Way tu Moore is the founder of One Moore Book and is a graduate of Howard University, Columbia University, and the University of Southern California. She teaches at the City University of New York's John Jay College and lives in Brooklyn.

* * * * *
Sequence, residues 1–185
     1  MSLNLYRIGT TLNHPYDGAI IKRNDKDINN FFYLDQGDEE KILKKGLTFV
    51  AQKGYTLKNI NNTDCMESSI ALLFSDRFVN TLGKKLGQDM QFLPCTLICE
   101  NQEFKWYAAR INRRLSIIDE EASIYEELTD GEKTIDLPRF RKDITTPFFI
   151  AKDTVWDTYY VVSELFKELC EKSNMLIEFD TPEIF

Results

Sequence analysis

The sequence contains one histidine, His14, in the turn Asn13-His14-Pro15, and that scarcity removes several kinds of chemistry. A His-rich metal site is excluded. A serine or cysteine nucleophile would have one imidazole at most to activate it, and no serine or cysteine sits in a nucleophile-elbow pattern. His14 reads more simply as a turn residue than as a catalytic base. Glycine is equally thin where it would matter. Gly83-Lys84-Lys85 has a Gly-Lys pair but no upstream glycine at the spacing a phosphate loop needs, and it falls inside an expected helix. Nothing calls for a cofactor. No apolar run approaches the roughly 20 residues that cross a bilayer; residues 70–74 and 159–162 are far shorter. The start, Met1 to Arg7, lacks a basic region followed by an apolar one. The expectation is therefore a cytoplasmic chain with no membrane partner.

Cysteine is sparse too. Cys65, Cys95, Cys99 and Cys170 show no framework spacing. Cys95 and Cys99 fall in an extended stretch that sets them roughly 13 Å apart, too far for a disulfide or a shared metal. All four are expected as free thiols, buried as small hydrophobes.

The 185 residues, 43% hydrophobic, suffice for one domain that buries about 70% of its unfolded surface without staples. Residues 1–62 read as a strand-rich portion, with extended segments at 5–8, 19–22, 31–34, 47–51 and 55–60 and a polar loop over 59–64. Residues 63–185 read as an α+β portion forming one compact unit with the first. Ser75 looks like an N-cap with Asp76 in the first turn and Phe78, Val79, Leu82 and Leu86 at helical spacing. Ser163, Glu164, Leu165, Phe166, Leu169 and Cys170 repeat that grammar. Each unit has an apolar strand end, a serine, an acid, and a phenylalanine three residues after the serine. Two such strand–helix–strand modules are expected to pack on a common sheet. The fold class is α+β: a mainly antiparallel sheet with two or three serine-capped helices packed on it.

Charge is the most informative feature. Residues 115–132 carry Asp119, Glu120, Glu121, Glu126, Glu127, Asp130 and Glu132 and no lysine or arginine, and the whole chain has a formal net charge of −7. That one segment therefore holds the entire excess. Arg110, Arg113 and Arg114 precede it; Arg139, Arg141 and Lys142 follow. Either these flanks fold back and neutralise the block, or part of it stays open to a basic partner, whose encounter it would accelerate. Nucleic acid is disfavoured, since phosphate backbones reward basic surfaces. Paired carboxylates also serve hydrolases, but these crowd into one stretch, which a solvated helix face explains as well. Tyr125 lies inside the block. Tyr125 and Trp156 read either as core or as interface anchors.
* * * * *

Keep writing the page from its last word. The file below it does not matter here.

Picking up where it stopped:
"Moore skillfully reconsiders the idealism of the early African-American settlers through their interactions with the indigenous peoples and braids together intimate story lines centered around universal themes: falling in love, defying familial expectations and the difficulties of doing the right thing."--The New York Times "[A] bold de but. . . . The force and the symbolism of myth pervade Moore's engrossing tale."--The New Yorker "Reading Way tu Moore's debut novel, She Would Be King, feels a lot like watching a superb athlete's performance. . . . Moore makes deft use of magical realism, and her plot and its details are compelling. . . . Like her remarkable protagonist Gbessa, the author has tapped into her own backstory-and emerged with literary superpowers."--TIME "This compelling debut novel by Way tu Moore blends historical fiction with magical realism in an exhilarating tale of the formation of Liberia. Moore effortlessly weaves the threads of indigenous West African tribes, American and Caribbean slavery, and British colonialism together to tell the creation story of a new nation, complete with unforgettable characters and a dynamic voice."--Marie Claire"Hotly anticipated. . . . A breathtaking retelling of the founding of Liberia. . . . Way tu Moore's magical realism can make anyone believe in how connected humans are to the world around them."--Glamour "Fans of Gabriel Garcia Marquez will be intrigued by this debut novel, a reimagining of Liberia's infancy in the 19th century."--Harper's Bazaar "In She Would Be King, debut novelist Way tu Moore reimagines Liberia's past, building a world so clear and evocative you would swear you were in it."--BuzzFeed"Moore's debut unflinchingly depicts the convergence of brutal forces--colonialism, the slave trade--while brushing it with a glimmer of magic."--HuffPost"Moore's vivid characters, beguiling language and powerful subject matter engage us thoroughly. The book is unforgettable."--Star Tribune (Minneapolis) "Moore veers from fantasy to lush descriptions and sharp characterization, shedding light on the fleeting moment when the vast African diaspora reversed itself."--Vulture "Stunning. . . . It is an epic narrative, weaving together themes of diasporic conflict, the legacy of bondage, isolation, and community, and it offers a transcendent, important look at the ways in which the past is never fully behind us, and instead echoes throughout everything we do."--NYLON"Moore skillfully blends historical fiction with magical realism in this immersive interpretation of Liberia's roots."--BUST "This dynamic novel leaves you both satisfied and full of anticipation for what's to come, in fiction and in reality."--The Rumpus "Moore's debut is magnetic."--Santa Fe New Mexican "Women everywhere will find themselves admiring the powerful Gbessa in She Would Be King."--PopSugar"Moore's insightful, emotional descriptions graft these stories right onto readers' hearts ."--BookPage "Composed and compelling, brimming with devastating truths and sparkling with ferocity, this is a masterpiece of a debut."--BookReporter.com "The dialog is fluid and poetic, allowing readers to imagine the events, sights, smells, feelings, and sensations. As with Yaa Gyasi's Homegoing, this work will appeal to lovers of African, African American, and literary fiction."--Library Journal, starred review "Moore uses an accomplished, penetrating style--with clever swerves into fantasy--to build effective critiques of tribal misogyny, colonial abuse, and racism."--Publishers Weekly "An ambitious, genre-hopping, continent-spanning novel. . . . Moore is a brisk and skilled storyteller who weaves her protagonists' disparate stories together with aplomb yet is also able to render her sprawling cast of characters in ways that feel psychologically compelling. In addition, the novel's various settings--Virginia, Jamaica, and West Africa--are depicted so lushly that readers will find themselves enchanted."--Kirkus Reviews